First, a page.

FRESNO, Calif. (KFSN) -- The great jazz keyboardist and composer Herbie Hancock once said, "Music happens to be an art form that transcends language." But when language is a barrier, music is the only way through.
Well-known electric violinist, Patrick Contreras of Fresno knows firsthand music is a universal connection for ages young and old.
In this room at the PACE Senior Center, no words are needed. Just notes and melody are present. Electric violinist Patrick Contreras takes time out of his schedule every month to play for dozens of senior citizens in Downtown Fresno. As he plays, they chatter, they knit, and sometimes they get up and move.
Two-thirds of the seniors are Southeast Asian. Four months ago when Patrick Contreras started playing, the Asian seniors didn't respond to his music.
But he was determined to reach them.
Day and night he practiced their traditional music so he could play for them. And then, something wonderful happened.
Patrick says, "What's cool about the violin and instrumental music is there are no words. So what may be a weakness in one area is a strength in other areas. I don't have the language barrier."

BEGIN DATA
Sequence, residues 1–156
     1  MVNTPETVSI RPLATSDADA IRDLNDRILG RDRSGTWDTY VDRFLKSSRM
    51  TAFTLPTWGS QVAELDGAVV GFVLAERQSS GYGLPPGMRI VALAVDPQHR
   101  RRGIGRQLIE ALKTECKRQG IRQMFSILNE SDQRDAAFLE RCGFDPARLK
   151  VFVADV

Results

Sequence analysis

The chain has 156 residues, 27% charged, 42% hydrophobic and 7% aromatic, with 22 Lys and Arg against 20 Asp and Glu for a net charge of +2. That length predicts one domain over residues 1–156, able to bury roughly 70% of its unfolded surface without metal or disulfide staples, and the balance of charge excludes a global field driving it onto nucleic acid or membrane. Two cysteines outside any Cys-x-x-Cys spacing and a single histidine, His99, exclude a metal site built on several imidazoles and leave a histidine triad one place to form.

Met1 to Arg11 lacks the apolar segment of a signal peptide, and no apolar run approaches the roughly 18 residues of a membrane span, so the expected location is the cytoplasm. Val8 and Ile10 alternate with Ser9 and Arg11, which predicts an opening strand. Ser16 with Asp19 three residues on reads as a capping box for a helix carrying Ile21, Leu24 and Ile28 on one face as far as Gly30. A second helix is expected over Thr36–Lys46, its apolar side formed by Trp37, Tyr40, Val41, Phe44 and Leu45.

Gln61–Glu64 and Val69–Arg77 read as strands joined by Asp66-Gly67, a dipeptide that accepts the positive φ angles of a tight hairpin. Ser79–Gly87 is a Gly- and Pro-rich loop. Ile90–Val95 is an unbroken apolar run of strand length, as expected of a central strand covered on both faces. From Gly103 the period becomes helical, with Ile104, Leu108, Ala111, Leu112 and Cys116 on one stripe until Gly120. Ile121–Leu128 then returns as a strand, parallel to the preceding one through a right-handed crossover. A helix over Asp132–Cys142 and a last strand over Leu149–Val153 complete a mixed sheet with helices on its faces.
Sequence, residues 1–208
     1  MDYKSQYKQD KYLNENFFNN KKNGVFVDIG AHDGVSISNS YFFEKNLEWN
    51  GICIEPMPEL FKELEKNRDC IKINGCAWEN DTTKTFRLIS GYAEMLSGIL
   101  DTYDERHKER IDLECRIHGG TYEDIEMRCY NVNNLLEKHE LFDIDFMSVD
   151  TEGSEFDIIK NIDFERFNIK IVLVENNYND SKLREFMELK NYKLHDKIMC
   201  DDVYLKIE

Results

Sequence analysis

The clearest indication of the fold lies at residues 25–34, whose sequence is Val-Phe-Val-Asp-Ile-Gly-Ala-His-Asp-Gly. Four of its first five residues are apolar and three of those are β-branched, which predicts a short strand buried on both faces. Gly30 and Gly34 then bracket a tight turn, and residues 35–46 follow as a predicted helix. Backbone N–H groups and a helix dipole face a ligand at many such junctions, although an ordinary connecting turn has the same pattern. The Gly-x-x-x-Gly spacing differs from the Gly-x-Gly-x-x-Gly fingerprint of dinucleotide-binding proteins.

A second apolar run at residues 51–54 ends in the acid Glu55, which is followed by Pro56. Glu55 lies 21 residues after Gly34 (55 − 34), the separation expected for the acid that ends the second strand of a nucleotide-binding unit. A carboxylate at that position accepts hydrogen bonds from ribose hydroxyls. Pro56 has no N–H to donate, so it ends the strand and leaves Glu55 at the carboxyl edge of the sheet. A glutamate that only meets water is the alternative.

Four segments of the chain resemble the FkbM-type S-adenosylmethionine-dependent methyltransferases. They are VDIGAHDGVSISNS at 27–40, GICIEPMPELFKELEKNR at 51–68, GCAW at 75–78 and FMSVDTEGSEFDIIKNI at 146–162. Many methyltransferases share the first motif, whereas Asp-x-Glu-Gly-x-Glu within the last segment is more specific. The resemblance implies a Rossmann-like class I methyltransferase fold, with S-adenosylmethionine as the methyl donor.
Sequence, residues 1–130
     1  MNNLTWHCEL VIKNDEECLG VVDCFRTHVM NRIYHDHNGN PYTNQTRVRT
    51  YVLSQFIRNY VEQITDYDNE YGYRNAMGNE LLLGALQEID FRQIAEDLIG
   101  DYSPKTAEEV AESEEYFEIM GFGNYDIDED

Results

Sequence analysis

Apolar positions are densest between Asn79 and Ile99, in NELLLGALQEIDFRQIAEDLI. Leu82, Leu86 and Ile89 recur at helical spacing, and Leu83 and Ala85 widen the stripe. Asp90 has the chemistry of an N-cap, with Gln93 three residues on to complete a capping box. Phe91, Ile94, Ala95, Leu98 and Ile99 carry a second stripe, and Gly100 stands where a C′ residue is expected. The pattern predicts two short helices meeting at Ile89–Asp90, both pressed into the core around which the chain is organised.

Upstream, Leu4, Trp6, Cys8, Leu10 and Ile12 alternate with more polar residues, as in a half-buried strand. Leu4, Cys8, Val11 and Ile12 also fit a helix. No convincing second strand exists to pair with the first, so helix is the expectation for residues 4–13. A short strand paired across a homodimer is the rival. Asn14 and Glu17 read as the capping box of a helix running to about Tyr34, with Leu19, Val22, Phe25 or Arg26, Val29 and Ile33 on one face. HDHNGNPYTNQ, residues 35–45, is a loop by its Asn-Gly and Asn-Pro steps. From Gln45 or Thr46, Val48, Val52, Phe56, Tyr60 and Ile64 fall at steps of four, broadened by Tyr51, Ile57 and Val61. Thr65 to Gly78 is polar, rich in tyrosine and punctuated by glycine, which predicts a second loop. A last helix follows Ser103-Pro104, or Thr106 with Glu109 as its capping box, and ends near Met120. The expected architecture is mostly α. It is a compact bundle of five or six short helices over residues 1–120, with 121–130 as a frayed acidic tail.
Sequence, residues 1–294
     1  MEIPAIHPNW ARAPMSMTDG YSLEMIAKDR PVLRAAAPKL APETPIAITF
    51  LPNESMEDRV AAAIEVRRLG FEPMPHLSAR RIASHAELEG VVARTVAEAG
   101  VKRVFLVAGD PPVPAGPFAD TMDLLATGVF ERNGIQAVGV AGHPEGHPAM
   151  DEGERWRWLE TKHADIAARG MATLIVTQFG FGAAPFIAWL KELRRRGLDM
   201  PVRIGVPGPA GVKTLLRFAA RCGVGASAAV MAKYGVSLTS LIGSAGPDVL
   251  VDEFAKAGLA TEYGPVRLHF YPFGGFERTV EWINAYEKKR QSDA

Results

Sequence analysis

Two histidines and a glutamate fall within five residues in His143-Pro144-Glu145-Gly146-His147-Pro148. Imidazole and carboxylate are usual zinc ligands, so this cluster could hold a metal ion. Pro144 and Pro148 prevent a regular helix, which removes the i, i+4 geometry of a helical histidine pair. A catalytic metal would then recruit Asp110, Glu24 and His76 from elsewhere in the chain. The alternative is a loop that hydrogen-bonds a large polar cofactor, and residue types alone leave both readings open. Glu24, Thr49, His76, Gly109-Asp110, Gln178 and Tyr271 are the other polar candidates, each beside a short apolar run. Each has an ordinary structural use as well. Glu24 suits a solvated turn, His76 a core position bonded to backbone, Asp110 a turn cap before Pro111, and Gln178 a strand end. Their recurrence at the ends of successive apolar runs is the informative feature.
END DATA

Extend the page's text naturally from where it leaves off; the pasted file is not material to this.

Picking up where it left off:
His music transcends language. The melody stirs the soul.
Naomi Sanchez is the activities coordinator at Pace. She says the music has been life-changing.
Sanchez says half of the seniors are either are wheelchair or walker users who, "Don't usually get up unless there's a reason to. They get up when Patrick is setting up."
88-year-old Neng Vue of Laos can't get enough of Patrick's music. Every week he asks the musician to play not traditional Laotian music, but a hymn, "Amazing Grace." Every time Neng hears the song, it brings him to tears.
Patrick says, "You know, I love playing anywhere. I just always have. It doesn't matter where I'm at."
As he plays, the music touches something different in every listener.
Says Neng Vue, "Music is good medication."
It's good medicine for the body, the soul, and the spirit.
Patrick Contreras plays his violin at PACE a couple of times a month and as you can tell the seniors look forward to his visits. Now the staff is working on bringing him in to give music lessons, as soon as they can collect enough violins for the seniors to play.
Music creating connections across cultural barriers
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